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On the Sensitivity of Incremental Algorithms for Combinatorial AuctionsPowerPoint Presentation

On the Sensitivity of Incremental Algorithms for Combinatorial Auctions

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### On the Sensitivity of Incremental Algorithms for Combinatorial Auctions

### On the Sensitivity of Incremental Algorithms for Combinatorial Auctions

Ryan Kastner, Christina Hsieh,

Miodrag Potkonjak, Majid Sarrafzadeh

Computer Science Department, UCLA

WECWIS

June 27, 2002

Outline Combinatorial Auctions

- Basics
- Combinatorial Auctions (CA)
- Integer Linear Programming (ILP) for Winner Determination

- Motivating Example: Supply Chains
- Incremental Algorithms
- Incremental Algorithms for CA
- Uses of Incremental CA
- ILP for Incremental Winner Determination

- Results
- Conclusions

Combinatorial Auctions Combinatorial Auctions

Maximize

Bids B

Objects M

$$$

$9

$6

- Given a set of distinct objects M and set of bids B where B is a tuple S v s.t. S powerSet{M} and v is a positive real number, determine a set of bids W (W B) s.t. w·v is maximized

Winner Determination Problem Combinatorial Auctions

- Informal Definition: Auctioneer must figure out who to give the items to in order to make the most money
- NP-Hard need heuristics to quickly solve large instances
- Many exact methods to solve winner determination problem
- Dynamic Programming – Rothkopf et al.
- Optimized Search – Sandholm
- CASS, VSA, CA-MUS – Layton-Brown et al.
- Integer Linear Program (ILP)

We focus on the ILP solution

Winner Determination via ILP Combinatorial Auctions

otherwise

Let

if bid j is selected as a winner

otherwise

if item i is in bid j

s.t.

- Let xjbe a decision variable that determines if bid j is selected as a winner
- Let cijbe a decision variable relating item i to bid j
- Let vibe the valuation of bid j

Supply Chains and CAs Combinatorial Auctions

- Trend: Supply chains becoming large and dynamic
- More complementary companies – larger supply chains
- Specialization becoming prevalent – deeper supply chains
- Market changes rapidly – need quick reformation
- Automated negotiation – CA for supply chains

- Supply Chain formation/negotiation through CA
- Welsh et al. give an CA approach to solving supply chain problem
- Model supply chain through task dependency network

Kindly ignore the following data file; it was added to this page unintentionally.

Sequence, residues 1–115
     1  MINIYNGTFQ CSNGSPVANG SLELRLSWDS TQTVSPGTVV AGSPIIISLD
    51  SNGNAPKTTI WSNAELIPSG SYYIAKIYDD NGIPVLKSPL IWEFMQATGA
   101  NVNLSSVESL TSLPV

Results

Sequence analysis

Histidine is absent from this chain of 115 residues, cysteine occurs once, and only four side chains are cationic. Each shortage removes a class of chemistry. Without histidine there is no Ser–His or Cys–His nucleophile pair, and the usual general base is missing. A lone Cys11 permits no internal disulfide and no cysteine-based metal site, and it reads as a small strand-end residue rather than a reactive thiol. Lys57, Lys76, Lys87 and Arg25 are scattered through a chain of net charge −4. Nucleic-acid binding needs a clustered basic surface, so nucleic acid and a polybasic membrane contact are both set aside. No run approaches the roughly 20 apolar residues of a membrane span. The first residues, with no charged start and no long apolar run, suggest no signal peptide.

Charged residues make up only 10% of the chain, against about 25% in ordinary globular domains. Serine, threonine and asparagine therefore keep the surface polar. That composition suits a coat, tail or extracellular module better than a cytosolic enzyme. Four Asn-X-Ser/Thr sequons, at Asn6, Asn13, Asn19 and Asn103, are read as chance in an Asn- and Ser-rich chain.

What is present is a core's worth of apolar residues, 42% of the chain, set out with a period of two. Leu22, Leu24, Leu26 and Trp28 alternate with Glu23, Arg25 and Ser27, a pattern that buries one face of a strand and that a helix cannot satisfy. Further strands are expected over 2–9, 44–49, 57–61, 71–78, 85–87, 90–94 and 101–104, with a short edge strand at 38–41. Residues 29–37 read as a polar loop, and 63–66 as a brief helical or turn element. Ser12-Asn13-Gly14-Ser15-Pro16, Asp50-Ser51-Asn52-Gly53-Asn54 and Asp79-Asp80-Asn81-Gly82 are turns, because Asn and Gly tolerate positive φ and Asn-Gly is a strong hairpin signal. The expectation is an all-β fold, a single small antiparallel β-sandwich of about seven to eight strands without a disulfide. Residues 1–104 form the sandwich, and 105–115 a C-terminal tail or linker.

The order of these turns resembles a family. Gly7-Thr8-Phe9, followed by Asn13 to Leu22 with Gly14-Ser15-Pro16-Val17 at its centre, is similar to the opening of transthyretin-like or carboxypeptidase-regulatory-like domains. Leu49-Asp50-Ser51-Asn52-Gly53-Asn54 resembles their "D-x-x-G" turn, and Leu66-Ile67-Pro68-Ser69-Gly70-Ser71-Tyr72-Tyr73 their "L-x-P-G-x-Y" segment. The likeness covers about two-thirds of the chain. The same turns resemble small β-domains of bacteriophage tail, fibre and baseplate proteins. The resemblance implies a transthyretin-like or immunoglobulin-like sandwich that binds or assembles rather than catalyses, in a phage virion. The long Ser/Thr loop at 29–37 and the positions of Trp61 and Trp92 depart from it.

Large, dynamic supply chains require automated negotiation/formation

Modeling Supply Chains: Combinatorial AuctionsTask Dependency Graph

- Goodslabeled as circles
- Producers/consumerslabeled as rectangles
- Arrows indicate the goods needed to produce another good
- Bids are the number of goods needed/produced and the price to produce e.g. bid(A4) = {$9,(G1,1),(G2,1),(G4,1)}

A3

$5

G1

G3

A1

$4

C1

$12.27

A4

$9

G2

G4

A2

$3

C2

$21.68

A5

$5

Supply Chains and CA Combinatorial Auctions

Efficient Allocation

A3

$5

A3

$5

G1

G1

G3

G3

A1

$4

A1

$4

C1

$12.27

C1

$12.27

A4

$9

A4

$9

G2

G2

G4

G4

A2

$3

A2

$3

C2

$21.68

C2

$21.68

A5

$5

A5

$5

- “Winning” bidders (companies) are included in supply chain
- CA guarantees an optimal supply chain formation
- Allocation of goods is efficient – producers get all input goods they need
- Maximizes the value of the supply chain – the goods that are produced are done so in the least expensive possible manner

Supply Chain Perturbation Combinatorial Auctions

A3

$5

G1

G3

A1

$4

C1

$12.27

A4

$20

G2

G4

A2

$3

C2

$21.68

Perturbation: A4 changes cost from $9 to $20

Perturbation: A4 changes cost from $9 to $20

A5

$5

A3

$5

G1

G1

G3

A1

$4

A1

$4

C1

$12.27

A4

$9

A4

$9

G2

G2

G4

G4

A2

$3

A2

$3

C2

$21.68

C2

$21.68

A5

$5

- What happens when there is a change in the supply chain?
- Want to keep current producer/consumer relationships intact
- Want to maximize the efficiency of supply chain

- Not always possible to maintain previous relationships when supply chain changes

Incremental Algorithms Combinatorial Auctions

- An original instance I0 of a problem is solved by a full algorithm to give solution S0
- Perturbed instances, I1,I2,,In are generated one by one in sequence